Three days before production began, Robinson and Ellis, who danced with Beyoncé’s crew and moved to the theater, with roles in Shameless and Joan the Virgin– rehearsed with Aaliyah and the other dancers in a Miami studio. “We only did a few days, it wasn’t long at all,” says Robinson. “Corn [Aaliyah] was an amazing dancer, and understood very quickly. Sometimes she felt like she couldn’t get it, but I pushed her a little harder, [and say,] ‘You have this.’ “
“Aaliyah was there for all the rehearsals,” says Ellis. “She came in and learned with us, spent time with us and was very, very cool. It is the memory of her that marked me. There have been artists who, when they don’t need to be around the dancers, walk into another room or arrive there with just time to learn the choreography and get on with their day. But she really wanted to be there. It just reminded me of how much of a girl she still was.
On day one, Aaliyah and the crew shot the green screen and underwater video scenes in Miami before flying to the Bahamas. Ellis had been chosen as Aaliyah’s “mirror” for the green screen part – a dance partner who mirrored Aaliyah’s “hip pivots,” Ellis recalls. The idea of the mirror dance moves stems from Robinson’s natural meshing with Aaliyah when they danced together, which she compared to a “synchronized swimming”.
“She could move just like me, which made her really fun to dance,” says Robinson. “The first thing I did with her was ‘One in a Million’, and when I took that first meeting at the dance studio, she and I just danced. From that point on, we we are both regarded as “the soul mate!”
The looks from the green screen part might be the most memorable part of the video, as faded jeans, tight and tiny white tops, chain belts, and Air Force Ones have become fashion staples for teenage girls to look out for. that time. Lee remembered cutting the t-shirts and splashing bleach on the jeans to create a DIY feel, which spoke of Jamaican and dancehall visual themes. “Aaliyah being Jamaican and I being a Dancehall fan from a young age, it made sense to personalize the clothes. That’s how they ride, ”he told me over the phone. “So I was like, I’m just gonna go to old school Dancehall: cut shit, dye shit.”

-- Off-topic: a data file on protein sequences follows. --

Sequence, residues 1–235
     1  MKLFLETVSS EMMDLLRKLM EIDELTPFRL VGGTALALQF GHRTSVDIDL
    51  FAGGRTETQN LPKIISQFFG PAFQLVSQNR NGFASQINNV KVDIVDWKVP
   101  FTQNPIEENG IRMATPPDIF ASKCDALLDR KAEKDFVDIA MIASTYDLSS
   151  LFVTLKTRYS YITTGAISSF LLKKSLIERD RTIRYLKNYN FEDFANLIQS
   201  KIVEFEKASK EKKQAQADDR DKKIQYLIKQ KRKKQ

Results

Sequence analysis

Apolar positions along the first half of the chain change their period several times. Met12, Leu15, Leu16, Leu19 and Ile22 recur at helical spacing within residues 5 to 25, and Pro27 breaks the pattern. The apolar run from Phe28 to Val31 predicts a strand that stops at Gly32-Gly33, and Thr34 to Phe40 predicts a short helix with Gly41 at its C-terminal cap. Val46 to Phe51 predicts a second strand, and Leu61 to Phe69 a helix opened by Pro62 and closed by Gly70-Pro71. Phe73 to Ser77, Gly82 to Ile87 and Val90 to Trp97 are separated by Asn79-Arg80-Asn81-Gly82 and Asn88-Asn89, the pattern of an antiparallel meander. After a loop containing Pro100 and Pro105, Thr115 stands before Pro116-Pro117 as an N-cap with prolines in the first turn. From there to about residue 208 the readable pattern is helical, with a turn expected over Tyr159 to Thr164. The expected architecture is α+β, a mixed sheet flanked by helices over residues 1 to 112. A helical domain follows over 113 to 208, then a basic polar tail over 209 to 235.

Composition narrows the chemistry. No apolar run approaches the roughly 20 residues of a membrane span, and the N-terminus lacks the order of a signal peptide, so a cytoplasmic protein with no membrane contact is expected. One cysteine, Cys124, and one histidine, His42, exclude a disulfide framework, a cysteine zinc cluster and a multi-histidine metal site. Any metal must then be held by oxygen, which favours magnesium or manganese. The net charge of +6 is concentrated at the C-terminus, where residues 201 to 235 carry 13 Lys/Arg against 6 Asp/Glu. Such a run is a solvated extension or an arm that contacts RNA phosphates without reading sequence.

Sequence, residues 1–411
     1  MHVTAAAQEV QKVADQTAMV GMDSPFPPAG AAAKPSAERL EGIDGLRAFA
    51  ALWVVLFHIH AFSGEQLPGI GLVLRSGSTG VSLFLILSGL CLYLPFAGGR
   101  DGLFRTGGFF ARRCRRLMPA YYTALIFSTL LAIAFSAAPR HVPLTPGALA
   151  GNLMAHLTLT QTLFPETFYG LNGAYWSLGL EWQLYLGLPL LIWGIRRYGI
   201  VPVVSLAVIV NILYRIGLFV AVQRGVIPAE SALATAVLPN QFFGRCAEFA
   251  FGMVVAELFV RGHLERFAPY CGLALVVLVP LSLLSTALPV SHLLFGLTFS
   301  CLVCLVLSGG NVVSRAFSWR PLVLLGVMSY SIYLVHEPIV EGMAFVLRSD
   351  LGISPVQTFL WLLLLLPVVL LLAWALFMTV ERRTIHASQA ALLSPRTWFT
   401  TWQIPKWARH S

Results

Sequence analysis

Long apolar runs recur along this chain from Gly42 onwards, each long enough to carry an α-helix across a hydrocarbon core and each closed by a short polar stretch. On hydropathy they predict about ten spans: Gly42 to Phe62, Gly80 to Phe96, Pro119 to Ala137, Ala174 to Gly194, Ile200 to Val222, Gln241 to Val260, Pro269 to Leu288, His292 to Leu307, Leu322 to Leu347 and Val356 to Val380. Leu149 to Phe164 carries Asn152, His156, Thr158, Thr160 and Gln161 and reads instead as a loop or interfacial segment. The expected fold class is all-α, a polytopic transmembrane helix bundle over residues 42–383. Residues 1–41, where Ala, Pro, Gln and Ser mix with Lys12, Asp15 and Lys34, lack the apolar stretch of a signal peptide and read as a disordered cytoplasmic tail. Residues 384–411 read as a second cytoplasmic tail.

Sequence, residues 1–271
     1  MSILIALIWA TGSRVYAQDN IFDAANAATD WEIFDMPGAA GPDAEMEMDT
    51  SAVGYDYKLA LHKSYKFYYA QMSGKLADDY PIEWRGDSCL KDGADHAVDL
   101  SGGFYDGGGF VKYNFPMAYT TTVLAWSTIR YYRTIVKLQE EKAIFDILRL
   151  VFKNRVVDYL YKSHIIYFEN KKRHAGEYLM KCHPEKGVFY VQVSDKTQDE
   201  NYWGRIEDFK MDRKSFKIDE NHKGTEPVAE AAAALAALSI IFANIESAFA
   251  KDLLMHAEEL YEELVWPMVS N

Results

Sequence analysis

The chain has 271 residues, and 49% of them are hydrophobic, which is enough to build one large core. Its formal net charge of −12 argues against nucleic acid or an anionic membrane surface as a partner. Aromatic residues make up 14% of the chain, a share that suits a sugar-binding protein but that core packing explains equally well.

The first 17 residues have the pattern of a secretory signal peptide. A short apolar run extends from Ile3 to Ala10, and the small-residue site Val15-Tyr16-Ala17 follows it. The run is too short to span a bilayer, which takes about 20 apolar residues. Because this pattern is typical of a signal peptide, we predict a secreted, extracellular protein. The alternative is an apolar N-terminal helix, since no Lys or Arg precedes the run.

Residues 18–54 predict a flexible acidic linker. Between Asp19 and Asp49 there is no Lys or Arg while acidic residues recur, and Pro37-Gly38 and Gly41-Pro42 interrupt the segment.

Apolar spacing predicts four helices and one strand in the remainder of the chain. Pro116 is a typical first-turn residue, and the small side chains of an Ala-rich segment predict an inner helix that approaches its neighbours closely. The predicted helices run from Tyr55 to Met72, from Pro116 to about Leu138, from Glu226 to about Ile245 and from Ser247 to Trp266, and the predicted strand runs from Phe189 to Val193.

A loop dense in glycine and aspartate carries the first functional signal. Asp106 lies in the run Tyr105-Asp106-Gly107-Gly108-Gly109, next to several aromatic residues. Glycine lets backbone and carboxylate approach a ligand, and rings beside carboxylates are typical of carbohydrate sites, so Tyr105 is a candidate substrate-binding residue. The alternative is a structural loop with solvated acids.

After wrapping up the green screen portion, the crew took off for a hotel pool, where Aaliyah was filmed underwater wearing a Norma Kamali gown that Lee had chosen for its dramatic and flowing fabric. “The hype told me, okay, we’re going to shoot something in the water. I need something with a lot of fabric so it’s almost like she’s flying. My mom has had a relationship with Norma since I was a kid, and I knew Norma Kamali was famous for making swimwear that had a mermaid or vintage feel, with that extra fabric that could ripple in the water. (Williams would have wanted great drama for the underwater scene, asking for bold makeup. Since Maldonado couldn’t put long fake lashes on Aaliyah while she was swimming in a chlorinated pool, he stuck red rhinestones on her instead. on the eyes.)